Fortune does favour the brave. The kindly weather which had brought Henry to Ravenspur turned into a gale which held Richard stormbound in Ireland. Even when it abated, his preparations for returning to England were leisurely when time was everything. When he eventually landed in Wales, he found to his chagrin that he could not raise any force. He took refuge in Conway Castle and sent his half-brother and his nephew, John and Thomas Holland, the Dukes of Exeter and Surrey, to discuss terms with Henry. They were promptly thrown into prison. This treatment of envoys, whose persons were normally regarded as sancrosanct, showed how strong Henry now felt himself to be. His own envoys, Henry Percy, Earl of Northumberland and Thomas Arundel tempted Richard out of Conway Castle with terms so reasonable that anyone else who did not share Richard's unbounded belief in his own sanctity would have regarded them as suspect in the extreme. It would also have occured to almost anybody else that Arundel, who was still under sentence of exile, and therefore liable to severe penalties if he set foot in England, was surprisingly confident to enter the King's presence and power. Richard rode straight into an ambush which Northumberland had set up a short distance outside the Castle. He was now Henry's prisoner, and it was rapidly made clear that he was going to remain so.
For the moment.Richard was treated with the deference due to the King. He dined in customary state with the great Lords waiting on him as was their duty. His optimism and confidence began to rise in the way that is usual in mercurial temprements such as his. After all, had not Northumberland, and Thomas Arundel sworn on the Host in Conway Castle that he would remain King? Had not they done this with the full authority of Henry of Bolingbroke? He had bided his time before, and had triumphed to punish presumptuous wrongdoers in the fullness of time. It could all be done again. Patience was all that was needed, patience and skill to exercise the rights of the King and thus confound his enemies. It was in a confident and contented frame of mind that he rode with Northumberland and Arundel to Flint Castle where the meeting with Henry of Bolingbroke was due to take place.
When Richard saw the approach of Henry's army, with the sun glinting on armour and weapons, and could count the many banners of Lords both great and small that accompanied him, its very size and imposing array thrust him into the depths of dispair. This was no small band of malcontents to be cajoled and played with; this was a sizeable part of the Nation's military force, assembled and commanded by most of the great Lords of the Kingdom. His discomforture was added to when, before the meeting with Henry, angry soldiers burst into his presence and demanded the immediate death of his friends. It is uncertain if this was stage-managed, or if Henry even knew about it beforehand, but before they were hustled out by curses, kicks, snarls and blows from their officers, they had severely shaken the King and his friends, and got them into a receptive frame of mind for the meeting with Henry. This took place shortly afterwards, and whilst Henry was courteous and quiet voiced, he made it clear in polite terms what the soldiers had conveyed in their rude and unmannerly way; the days of Richard as King were numbered, and it was improbable that the fate of his friends would be a pleasant one. Only to John Montacute, Earl of Salisbury was Henry threatening, reminding the Earl how he had humiliated him during his exile if France.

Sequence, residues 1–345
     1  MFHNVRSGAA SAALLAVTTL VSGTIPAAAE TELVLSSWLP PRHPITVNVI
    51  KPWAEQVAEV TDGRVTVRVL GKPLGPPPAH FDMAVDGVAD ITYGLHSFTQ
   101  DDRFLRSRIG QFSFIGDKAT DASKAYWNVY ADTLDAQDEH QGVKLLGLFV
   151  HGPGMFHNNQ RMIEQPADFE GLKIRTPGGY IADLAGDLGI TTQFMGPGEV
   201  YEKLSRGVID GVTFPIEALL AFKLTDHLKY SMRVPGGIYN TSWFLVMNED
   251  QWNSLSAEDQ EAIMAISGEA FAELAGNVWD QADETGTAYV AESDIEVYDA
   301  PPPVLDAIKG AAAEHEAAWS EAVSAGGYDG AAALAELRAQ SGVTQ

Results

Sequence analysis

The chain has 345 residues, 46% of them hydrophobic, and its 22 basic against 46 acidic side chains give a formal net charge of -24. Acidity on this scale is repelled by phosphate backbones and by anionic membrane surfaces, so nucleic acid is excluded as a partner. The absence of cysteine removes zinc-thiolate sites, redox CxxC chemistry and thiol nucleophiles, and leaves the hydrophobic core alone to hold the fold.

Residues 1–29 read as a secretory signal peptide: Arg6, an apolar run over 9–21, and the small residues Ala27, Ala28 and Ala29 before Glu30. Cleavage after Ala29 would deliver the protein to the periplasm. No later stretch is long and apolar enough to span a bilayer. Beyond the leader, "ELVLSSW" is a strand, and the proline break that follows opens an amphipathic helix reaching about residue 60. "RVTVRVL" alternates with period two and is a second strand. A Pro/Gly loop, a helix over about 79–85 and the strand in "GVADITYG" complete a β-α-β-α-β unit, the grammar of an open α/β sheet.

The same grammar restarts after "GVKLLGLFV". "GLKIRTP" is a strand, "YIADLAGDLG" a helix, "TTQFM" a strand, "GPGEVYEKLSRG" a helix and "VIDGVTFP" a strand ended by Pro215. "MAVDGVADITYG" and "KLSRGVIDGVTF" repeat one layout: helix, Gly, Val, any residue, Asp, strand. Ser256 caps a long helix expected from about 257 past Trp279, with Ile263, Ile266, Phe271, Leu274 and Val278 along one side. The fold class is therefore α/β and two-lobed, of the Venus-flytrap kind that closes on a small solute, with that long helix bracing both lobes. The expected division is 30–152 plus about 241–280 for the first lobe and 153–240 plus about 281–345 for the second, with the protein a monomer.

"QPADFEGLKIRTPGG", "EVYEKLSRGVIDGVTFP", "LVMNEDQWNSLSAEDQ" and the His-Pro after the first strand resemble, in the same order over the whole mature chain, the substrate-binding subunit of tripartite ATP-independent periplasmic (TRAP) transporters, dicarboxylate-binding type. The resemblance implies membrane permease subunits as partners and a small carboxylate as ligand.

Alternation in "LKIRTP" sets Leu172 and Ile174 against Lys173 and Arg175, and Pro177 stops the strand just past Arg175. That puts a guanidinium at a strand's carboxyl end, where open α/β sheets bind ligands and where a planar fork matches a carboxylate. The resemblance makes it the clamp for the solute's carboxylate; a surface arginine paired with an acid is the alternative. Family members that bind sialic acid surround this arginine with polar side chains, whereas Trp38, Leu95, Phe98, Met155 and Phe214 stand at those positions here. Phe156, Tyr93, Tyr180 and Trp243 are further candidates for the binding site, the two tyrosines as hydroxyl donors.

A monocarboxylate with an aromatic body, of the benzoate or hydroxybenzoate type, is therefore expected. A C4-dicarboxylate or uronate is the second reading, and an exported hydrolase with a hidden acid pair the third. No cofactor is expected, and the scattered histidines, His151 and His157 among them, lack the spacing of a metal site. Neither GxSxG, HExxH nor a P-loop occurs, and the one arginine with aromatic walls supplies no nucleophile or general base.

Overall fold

The journey to London was not without event. Richard was disguised as a friar and mounted on a small pony to disguise him from those who would either rescue him or lynch him. An attempt at escape was foiled by the alertness of the close guard kept on him. There were some attempts to rescue him, but these were beaten off without difficulty. A deputation of Aldermen from London met the army, and demanded that Richard should be put to death at once. Henry refused to allow this, explaining that Richard's fate would be decided by Parliament when it met. So unpopular was Richard, that Henry could only breath safely when Richard was lodged in the Tower. Only then could he take the necessary steps to deal with Richard once and for all in peace and quiet by lawful means far from the reach of the mob, who would have torn him limb from limb. Henry of Bolingbroke would have been much quieter in his mind if he had had any idea how this was to be achieved.
Many books have been writen about King Richard II, and the reader who desires to study his reign in greater detail should refer to them. The purpose of this account is to present an outline of the reign in order to demonstrate that, among the many causes of the Wars of the Roses, two failures of Kingship, those of Kings Richard II and Henry VI, were among the most immediate. Had Richard chosen to change his ways, even as late as 1398, and rule his Kingdom wisely, justly and well, he could have reigned until his life's end, and in due course have been succeeded by his own heir. He had had his chances to change the style of his rule; had he taken them, there would have been no call for the House of Lancaster ever to ascend the Throne. As it was however, the first die was cast.
|Copyright © Michael D. Miller 2003|